New York City's Police Department is facing mounting criticism of its secret surveillance of Muslims across the Northeast, with ACLU chapters and numerous other groups demanding an investigation and New Jersey's governor accusing the NYPD of arrogantly acting as if "their jurisdiction is the world."
The intelligence-gathering was detailed recently in a series of stories by The Associated Press, which reported that police monitored mosques and Muslims around the metropolitan area and kept tabs on Muslim student groups at universities in upstate New York, Connecticut, New Jersey and Pennsylvania. The department also sent an undercover agent on a whitewater rafting trip with college students.
The tactics have stirred debate over whether the NYPD is trampling on the civil rights of Muslims and illegally engaging in religious and ethnic profiling.
"They should be spending their time looking at the more specific behaviors that ought to draw their attention and make them investigate a person or a group. But simply gathering to pray or going on a whitewater rafting trip really shouldn't be a source of suspicion," Mary Catherine Roper, an attorney at the American Civil Liberties Union of Pennsylvania, said Thursday.
New York Mayor Michael Bloomberg has argued that the NYPD's actions are legal and necessary in a city under constant threat of another terrorist attack like 9/11 and that police have the right to travel beyond the city limits to do their job.
His office had no comment on the latest criticism, and the NYPD didn't respond to a request for comment.
On Thursday, New Jersey Gov. Chris Christie accused the department of ignoring a key lesson of Sept. 11 by not sharing information with New Jersey law enforcement agencies when it conducted surveillance in Newark, N.J. Christie was U.S. attorney for New Jersey in 2007 when the intelligence-gathering occurred, and he said he doesn't recall being briefed.
"9/11 was not prevented because law enforcement agencies weren't talking to each other, they were being selfish, they were being provincial, they were being paranoid, they were being arrogant," Christie said. "I do not want to return to those days."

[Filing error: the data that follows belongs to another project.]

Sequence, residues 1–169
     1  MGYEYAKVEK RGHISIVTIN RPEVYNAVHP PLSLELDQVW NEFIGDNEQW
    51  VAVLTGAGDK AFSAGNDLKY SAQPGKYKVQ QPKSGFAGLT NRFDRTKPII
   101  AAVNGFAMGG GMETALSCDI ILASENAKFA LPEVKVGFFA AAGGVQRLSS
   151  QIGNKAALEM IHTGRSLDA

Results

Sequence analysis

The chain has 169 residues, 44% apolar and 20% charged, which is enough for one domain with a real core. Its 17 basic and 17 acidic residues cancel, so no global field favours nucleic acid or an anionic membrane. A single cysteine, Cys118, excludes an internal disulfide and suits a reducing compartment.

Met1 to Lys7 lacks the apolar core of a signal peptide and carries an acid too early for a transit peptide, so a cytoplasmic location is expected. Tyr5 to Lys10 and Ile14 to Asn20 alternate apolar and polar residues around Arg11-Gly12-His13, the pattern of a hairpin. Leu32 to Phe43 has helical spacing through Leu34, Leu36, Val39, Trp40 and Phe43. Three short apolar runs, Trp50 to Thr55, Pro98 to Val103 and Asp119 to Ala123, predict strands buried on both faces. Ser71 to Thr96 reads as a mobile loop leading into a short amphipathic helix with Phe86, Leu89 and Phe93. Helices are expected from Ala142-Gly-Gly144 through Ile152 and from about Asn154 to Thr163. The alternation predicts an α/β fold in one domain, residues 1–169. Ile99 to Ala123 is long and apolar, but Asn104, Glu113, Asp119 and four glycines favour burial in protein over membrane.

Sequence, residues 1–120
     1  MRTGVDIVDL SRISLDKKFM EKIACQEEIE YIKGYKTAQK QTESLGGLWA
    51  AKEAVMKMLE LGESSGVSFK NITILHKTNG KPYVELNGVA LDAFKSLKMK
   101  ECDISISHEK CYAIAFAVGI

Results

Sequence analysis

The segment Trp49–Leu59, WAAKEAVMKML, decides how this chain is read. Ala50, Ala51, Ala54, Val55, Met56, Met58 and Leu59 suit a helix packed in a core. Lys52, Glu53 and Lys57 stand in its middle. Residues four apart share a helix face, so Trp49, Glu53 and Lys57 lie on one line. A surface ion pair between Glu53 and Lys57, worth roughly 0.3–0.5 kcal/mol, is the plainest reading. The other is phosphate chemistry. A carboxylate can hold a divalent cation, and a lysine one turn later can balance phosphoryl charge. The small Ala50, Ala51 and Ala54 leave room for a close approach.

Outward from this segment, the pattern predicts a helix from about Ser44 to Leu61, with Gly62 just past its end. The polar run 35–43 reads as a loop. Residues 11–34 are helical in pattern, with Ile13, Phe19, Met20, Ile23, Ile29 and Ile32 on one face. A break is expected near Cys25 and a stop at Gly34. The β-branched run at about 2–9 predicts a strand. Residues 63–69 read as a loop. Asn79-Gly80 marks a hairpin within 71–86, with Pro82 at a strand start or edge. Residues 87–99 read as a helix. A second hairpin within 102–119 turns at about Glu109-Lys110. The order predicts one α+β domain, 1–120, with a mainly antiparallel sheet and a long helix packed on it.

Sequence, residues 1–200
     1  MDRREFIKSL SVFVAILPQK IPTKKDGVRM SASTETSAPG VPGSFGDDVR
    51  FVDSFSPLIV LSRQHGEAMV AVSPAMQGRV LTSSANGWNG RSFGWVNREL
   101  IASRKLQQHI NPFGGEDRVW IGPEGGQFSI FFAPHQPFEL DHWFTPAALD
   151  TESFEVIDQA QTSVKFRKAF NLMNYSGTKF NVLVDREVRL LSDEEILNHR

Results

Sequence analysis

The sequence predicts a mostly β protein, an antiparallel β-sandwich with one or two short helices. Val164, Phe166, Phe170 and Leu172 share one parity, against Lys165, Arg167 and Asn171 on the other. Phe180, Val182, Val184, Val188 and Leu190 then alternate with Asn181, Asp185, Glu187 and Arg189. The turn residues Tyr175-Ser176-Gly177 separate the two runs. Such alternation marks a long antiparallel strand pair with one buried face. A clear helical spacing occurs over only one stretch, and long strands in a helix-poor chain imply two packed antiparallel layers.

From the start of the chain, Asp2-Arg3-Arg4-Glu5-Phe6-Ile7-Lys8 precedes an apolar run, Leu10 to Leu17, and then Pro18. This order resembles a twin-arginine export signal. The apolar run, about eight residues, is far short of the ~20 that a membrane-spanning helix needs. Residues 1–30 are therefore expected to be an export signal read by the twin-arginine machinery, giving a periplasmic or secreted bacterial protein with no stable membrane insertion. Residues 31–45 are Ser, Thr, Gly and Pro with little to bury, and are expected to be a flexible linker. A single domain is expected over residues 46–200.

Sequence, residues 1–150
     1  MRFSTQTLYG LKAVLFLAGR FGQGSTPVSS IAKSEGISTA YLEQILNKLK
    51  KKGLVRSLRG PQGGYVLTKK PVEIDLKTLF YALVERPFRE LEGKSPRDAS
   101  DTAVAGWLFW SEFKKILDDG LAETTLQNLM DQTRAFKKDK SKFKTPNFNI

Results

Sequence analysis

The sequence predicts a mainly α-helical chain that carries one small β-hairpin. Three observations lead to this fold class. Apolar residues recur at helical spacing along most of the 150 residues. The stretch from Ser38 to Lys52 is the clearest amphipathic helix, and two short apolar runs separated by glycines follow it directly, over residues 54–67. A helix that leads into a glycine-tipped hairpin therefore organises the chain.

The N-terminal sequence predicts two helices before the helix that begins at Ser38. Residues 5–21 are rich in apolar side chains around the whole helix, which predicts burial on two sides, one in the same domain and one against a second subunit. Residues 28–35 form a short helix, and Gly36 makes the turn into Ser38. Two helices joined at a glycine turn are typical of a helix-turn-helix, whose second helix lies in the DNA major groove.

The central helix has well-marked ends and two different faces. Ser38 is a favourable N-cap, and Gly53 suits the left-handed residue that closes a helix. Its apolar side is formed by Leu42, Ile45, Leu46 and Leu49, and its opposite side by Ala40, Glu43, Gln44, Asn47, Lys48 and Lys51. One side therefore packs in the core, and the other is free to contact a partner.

Christie said New York Police Commissioner Raymond Kelly wouldn't want to have to explain himself if something went wrong because of a lack of coordination.
During a radio program Wednesday night, Christie went even further, with some of his harshest criticism yet. He said he didn't know whether the surveillance program was "born out of arrogance, or out of paranoia, or out of both." He mocked Kelly as "all-knowing, all-seeing." And he said the NYPD had a "masters of the universe" mentality.
"They think that their jurisdiction is the world," he said. "Their jurisdiction is New York City."
The NYPD has said that it informed Newark officials about the intelligence operation and that Newark police were briefed before and after. New York officials said the NYPD officers were not making arrests or conducting searches in New Jersey, and were thus acting within their authority.
Christie did not take issue with the intelligence-gathering itself, instead faulting the NYPD for what he portrayed as a high-handed attitude and a lack of cooperation.
"I understand we need people doing covert surveillance to protect the people of our state and our region," the governor said. "No problems with that. My concern is, why can't you communicate with the people here in New Jersey, with law enforcement here in New Jersey? Are we somehow not trustworthy?"
Similarly, on Thursday, Christie would not weigh in on whether he thought Muslims' civil rights were violated, saying his attorney general is looking into that.
Christie's comments drew praise from Muslim leader Aref Assaf, head of the American Arab Forum, based in Paterson, N.J.
"I'm so gratified. I'm honored to be a resident of the state of New Jersey under his leadership," Assaf said. "He doesn't mince words. He was unambiguous about the incursion of the NYPD into our state without proper protocols."
Newark Mayor Cory Booker did not address the spying during his state of the city address Thursday night, but talked about the situation with reporters afterward.
Booker said that Muslims in Newark had expressed deep concerns about the spying to him. He said that revelations about the spying had caused "egregious harm to Muslins in Newark."
"People are saying they are afraid to pray in Mosques," Booker said. "They are afraid to eat in restaurants. A chill has been put on my community; the pain and the anguish is real.
"We are in a very difficult position in our city with the climate that has been created."
Booker said the city is developing new procedures in which he would be notified if a similar operation was being undertaken.
The ACLU of Pennsylvania, along with 20 other organizations, including Muslim student groups at the University of Pennsylvania, called on state authorities Thursday to investigate the surveillance. A spokesman for Pennsylvania's attorney general did not immediately return a message. The ACLU of Connecticut and nine other groups made a similar request in that state.
Earlier this week, the U.S. Justice Department said it is considering whether to open an investigation into the NYPD's surveillance efforts.
Associated Press writers Beth DeFalco in Trenton, Samantha Gross and Colleen Long in New York, and Samantha Henry in Newark contributed to this report.
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